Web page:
Our results agree with various clinical studies [57, 12] in which TNF G-308A and AH 8.1 have been reported to influence clinical course and outcome of NHL overall. In one analysis restricted to DLBCL patients, TNF-α in plasma predicted DLBCL survival [12], a pattern consistent with our study results that TNF G-308A increases the risk of death among DLBCL patients. In that study, the authors also reported that AH 8.1 predicted overall survival of NHL patients, and that HLA-A*01 and HLA-B*08 were associated with prognosis [7]. In this study, AH 8.1 was associated with poorer OS among FL patients, a result that our data suggest to be largely driven by the association with HLA-A*01:01. Taken together, our results support the hypothesis that chronic inflammation contributes to poorer prognosis of DLBCL, but other mechanisms of immune dysregulation may further be considered for FL prognosis.

We previously reported that the HLA-DRB1*13 group of alleles were associated with decreased risk of developing FL. The newly identified association with better survival, if confirmed in other data, would implicate an important HLA allele in both FL etiology and survival. We also found better OS among FL patients with HLA-B Bw4, suggesting possible similarities in mechanisms by which HLA-B Bw4 slows the progression to AIDs. On the other hand, we did not observe a joint relationship between HLA-B Bw4 with the KIR receptor (KIR3DS1), as has been reported for AIDS outcomes (data not shown) [10]. These results support the potential role for the innate immune response and immune surveillance as important aspects for FL etiology and prognosis.

We also report here that HLA-Cw*07:01 was associated with poorer OS among DLBCL patients, which was not found in a previous study [7]. This inconsistency could reflect chance, heterogeneity of the NHL definition in the previous clinical studies where the authors examined the risk of NHL overall instead of by subtype [57], or dilution of the moderate association in the broad NHL definition compared to analysis specific to DLBCL.

We note that most of of the HLA alleles identified as potentially relevant for etiology were not predictive for survival, suggesting distinct functions for these genetic variations [8]. Alleles previously found associated with NHL etiology in our study included HLA-A*26:01, A*29:02, B*51:01, Cw*03:04, Cw*15:02, DRB1*04:01, and HLA-DRB1*01:01 [8], none of which were identified as associated with survival after DLBCL or FL.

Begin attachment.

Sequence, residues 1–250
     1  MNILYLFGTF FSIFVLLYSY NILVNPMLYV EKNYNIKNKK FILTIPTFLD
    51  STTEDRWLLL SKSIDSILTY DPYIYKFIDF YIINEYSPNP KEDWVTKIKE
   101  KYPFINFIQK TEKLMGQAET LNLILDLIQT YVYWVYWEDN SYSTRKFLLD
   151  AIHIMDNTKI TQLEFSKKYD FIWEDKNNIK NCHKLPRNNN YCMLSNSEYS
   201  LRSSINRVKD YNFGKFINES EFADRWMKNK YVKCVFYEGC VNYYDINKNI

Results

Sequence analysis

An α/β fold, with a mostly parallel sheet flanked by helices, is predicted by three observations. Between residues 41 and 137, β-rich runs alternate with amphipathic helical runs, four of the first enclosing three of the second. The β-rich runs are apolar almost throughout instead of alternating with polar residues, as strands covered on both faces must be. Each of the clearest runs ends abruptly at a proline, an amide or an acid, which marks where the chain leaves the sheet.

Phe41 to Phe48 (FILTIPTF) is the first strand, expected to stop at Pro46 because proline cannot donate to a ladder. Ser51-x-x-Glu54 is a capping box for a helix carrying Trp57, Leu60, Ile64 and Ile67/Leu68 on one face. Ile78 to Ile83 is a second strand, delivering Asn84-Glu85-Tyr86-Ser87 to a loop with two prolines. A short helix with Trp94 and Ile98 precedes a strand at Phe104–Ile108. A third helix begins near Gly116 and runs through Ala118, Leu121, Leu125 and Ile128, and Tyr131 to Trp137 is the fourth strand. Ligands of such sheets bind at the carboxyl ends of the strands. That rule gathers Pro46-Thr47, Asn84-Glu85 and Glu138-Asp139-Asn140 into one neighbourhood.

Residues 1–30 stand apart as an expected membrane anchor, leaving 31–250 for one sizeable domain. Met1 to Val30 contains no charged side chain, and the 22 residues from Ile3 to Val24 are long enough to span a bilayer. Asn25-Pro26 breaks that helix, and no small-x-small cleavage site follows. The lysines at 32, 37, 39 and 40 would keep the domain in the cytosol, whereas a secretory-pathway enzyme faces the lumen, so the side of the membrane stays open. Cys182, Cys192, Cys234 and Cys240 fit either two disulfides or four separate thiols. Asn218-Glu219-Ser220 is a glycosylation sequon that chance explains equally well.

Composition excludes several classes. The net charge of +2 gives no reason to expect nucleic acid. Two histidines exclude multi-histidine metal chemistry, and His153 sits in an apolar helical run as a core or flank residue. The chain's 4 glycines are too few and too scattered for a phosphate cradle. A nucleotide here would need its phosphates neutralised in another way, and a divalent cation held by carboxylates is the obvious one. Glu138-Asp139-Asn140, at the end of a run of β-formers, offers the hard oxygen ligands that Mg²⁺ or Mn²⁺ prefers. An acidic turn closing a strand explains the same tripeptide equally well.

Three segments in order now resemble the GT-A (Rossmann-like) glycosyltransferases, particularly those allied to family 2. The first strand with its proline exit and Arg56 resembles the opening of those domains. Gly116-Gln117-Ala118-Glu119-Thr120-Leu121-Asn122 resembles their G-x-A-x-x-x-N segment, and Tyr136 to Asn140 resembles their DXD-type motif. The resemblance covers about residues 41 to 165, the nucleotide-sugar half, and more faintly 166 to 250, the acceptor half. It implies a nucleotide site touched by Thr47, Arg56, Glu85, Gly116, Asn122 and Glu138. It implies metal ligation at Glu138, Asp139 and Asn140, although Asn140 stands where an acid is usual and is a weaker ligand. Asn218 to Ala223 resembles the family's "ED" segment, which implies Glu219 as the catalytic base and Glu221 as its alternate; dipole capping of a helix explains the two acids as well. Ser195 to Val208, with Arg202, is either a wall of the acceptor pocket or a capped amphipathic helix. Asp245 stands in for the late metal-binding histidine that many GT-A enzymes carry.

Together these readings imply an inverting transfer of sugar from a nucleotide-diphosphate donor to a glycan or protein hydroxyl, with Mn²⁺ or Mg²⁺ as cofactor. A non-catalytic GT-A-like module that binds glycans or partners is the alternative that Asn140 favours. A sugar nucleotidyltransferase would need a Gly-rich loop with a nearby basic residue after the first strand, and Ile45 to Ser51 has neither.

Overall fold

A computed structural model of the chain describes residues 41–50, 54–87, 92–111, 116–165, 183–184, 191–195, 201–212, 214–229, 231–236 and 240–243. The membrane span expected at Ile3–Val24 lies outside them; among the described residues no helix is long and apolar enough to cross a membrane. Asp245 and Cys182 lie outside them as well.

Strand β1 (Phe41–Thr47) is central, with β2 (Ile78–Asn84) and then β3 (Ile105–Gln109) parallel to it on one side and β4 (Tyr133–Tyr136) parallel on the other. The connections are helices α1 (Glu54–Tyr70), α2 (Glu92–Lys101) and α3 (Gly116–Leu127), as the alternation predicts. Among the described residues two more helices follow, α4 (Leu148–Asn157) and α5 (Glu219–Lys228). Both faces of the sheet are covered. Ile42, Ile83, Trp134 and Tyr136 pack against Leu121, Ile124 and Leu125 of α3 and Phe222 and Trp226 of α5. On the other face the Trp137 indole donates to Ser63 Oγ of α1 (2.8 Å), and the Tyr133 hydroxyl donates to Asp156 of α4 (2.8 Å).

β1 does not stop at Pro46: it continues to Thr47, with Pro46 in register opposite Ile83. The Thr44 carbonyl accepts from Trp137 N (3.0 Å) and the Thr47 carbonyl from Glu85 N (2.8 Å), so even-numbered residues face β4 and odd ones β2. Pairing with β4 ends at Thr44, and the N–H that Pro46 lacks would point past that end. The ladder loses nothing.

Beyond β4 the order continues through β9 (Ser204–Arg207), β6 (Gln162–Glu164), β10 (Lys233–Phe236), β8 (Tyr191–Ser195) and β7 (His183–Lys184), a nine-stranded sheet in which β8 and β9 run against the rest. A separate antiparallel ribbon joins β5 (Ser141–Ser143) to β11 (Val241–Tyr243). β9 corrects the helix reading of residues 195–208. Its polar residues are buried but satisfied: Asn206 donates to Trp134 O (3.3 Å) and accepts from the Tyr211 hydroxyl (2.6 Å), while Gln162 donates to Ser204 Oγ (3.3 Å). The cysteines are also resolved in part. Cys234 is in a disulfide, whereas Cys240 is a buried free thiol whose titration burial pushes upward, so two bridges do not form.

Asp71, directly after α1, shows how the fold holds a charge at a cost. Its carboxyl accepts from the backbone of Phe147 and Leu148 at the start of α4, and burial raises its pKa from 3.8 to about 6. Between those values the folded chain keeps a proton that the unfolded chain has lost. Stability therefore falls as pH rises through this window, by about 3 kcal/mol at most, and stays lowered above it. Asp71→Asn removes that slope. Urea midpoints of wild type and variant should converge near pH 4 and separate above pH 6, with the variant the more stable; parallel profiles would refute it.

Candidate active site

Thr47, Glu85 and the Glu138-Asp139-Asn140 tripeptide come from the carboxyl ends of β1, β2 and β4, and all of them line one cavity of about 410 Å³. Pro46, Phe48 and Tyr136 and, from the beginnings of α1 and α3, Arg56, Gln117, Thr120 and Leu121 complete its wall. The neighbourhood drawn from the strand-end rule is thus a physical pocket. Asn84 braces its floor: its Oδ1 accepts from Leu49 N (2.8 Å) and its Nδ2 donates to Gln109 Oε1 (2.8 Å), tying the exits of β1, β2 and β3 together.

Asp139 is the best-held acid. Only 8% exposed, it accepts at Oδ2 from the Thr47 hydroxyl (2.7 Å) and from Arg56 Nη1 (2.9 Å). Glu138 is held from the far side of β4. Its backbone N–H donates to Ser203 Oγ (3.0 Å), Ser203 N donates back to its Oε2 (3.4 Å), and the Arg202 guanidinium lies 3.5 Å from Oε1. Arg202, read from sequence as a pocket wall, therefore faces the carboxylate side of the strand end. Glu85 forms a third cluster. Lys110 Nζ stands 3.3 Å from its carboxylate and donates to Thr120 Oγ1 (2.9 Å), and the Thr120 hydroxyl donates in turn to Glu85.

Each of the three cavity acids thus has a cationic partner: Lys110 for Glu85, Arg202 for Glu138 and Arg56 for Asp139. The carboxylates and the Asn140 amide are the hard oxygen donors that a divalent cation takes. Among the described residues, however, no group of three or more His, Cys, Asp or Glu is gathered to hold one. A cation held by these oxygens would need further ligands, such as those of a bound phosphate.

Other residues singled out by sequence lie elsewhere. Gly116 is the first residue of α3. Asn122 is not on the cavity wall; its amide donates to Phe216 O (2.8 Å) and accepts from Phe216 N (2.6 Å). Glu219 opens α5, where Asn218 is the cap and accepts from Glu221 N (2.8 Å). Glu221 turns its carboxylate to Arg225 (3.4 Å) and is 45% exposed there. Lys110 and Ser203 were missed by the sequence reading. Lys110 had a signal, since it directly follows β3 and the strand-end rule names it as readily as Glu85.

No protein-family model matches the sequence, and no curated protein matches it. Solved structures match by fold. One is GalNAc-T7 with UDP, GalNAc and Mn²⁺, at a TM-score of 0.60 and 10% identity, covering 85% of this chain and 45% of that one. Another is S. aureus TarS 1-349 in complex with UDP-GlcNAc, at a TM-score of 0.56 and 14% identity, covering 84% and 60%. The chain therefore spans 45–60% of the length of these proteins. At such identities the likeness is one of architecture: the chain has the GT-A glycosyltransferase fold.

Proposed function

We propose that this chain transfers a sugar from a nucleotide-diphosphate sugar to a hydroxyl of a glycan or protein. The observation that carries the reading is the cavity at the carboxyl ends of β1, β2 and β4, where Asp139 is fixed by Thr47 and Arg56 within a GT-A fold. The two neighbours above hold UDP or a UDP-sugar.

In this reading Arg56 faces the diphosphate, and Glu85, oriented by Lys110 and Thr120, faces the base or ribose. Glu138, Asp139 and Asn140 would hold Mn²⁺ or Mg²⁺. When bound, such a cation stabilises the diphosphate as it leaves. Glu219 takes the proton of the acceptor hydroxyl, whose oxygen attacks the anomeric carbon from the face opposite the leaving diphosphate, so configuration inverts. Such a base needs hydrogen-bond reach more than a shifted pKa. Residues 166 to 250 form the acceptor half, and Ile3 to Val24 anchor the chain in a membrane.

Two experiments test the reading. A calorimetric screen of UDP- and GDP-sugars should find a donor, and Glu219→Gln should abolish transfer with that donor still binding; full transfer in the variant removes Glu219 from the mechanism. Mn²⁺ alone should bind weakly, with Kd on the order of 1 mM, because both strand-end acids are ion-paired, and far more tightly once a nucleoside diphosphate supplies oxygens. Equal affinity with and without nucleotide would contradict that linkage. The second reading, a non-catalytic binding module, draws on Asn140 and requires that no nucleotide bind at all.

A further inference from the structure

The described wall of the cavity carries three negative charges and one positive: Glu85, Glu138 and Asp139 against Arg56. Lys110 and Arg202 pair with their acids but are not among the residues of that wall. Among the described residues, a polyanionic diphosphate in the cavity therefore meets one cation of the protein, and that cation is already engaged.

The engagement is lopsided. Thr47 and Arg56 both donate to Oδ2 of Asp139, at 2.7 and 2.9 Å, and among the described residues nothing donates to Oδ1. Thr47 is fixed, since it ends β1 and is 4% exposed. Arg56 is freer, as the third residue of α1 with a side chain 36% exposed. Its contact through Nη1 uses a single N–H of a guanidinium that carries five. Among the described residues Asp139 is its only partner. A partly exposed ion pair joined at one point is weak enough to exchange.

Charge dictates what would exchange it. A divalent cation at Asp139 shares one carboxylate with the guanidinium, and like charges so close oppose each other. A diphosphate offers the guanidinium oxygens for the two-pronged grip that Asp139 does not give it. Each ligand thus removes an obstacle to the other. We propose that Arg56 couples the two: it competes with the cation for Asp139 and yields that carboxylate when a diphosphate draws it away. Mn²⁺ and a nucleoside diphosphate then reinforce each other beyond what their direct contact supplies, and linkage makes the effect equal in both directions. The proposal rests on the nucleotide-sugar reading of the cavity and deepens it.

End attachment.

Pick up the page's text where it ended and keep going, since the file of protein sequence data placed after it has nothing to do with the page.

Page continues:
An important strength of our study was the population-based ascertainment of newly diagnosed cases, making our results more applicable to community-based treatment programs. Furthermore, we were able to evaluate the results by subtype, whereas most clinical studies have only assessed the association for NHL overall [57]. One important potential limitation apart from sample size is the lack of detailed data on prognostic factors or treatment and that we missed most DLBCL deaths that occurred in the first year. By using age, stage, B symptoms, and treatment class, we, nonetheless, could predict survival with a level of ability similar to the IPI for a large study of DLBCL and FL patients [4, 11]. Because all patients were initially treated before the widespread use of rituximab, it will be important to evaluate a patient population treated with rituximab alone (for both DLBCL and FL) and in combination with CHOP chemotherapy (for DLBCL).

In summary, our results support a role for HLA in overall survival of DLBCL and FL patients, after accounting for demographic and clinical factors. Our results are consistent with the emerging significance of the complex host genetic background in progression of each NHL subtype. Host immunogenetics, particularly the major histocompatibility region that houses a number of immune genes including HLA, represent a promising class of prognostic factors that warrant further evaluation.


Y. Lu and S. S. Wang developed the research question. J. R. Cerhan, W. Cozen, N. Rothman, S. Chanock, R. K. Severson, L. Bernstein, P. Hartge designed and conducted the parent NHL case-control study upon which this analysis was based. A. M. Abdou performed the HLA genotyping. Y. Lu and S. S. Wang conducted data analysis. All authors participated in manuscript preparation.


The authors thank Peter Hui of the Information Management Services, Inc. for programming support. They also gratefully acknowledge the contributions of the staff and scientists at the SEER centers of Iowa, Los Angeles, Detroit, and Seattle for the conduct of the study’s field effort. The NCI-SEER study was supported by the Intramural Research Program of the NIH (NCI) and by Public Health Service (PHS) Contracts nos. N01-PC-65064, N01-PC-67008, N01-PC-67009, N01-PC-67010, and N02-PC-71105; the survival study was funded by R01 CA96704. HLA typing for the study was funded with federal funds from the National Cancer Institute, National Institutes of Health, under Contract no. HHSN261200800001E and in part by the Intramural Research Program of the NIH, National Cancer Institute. The content of this paper does not necessarily reflect the views or policies of the Department of Health and Human Services, nor does mention of trade names, commercial products, or organizations imply endorsement by the US Government.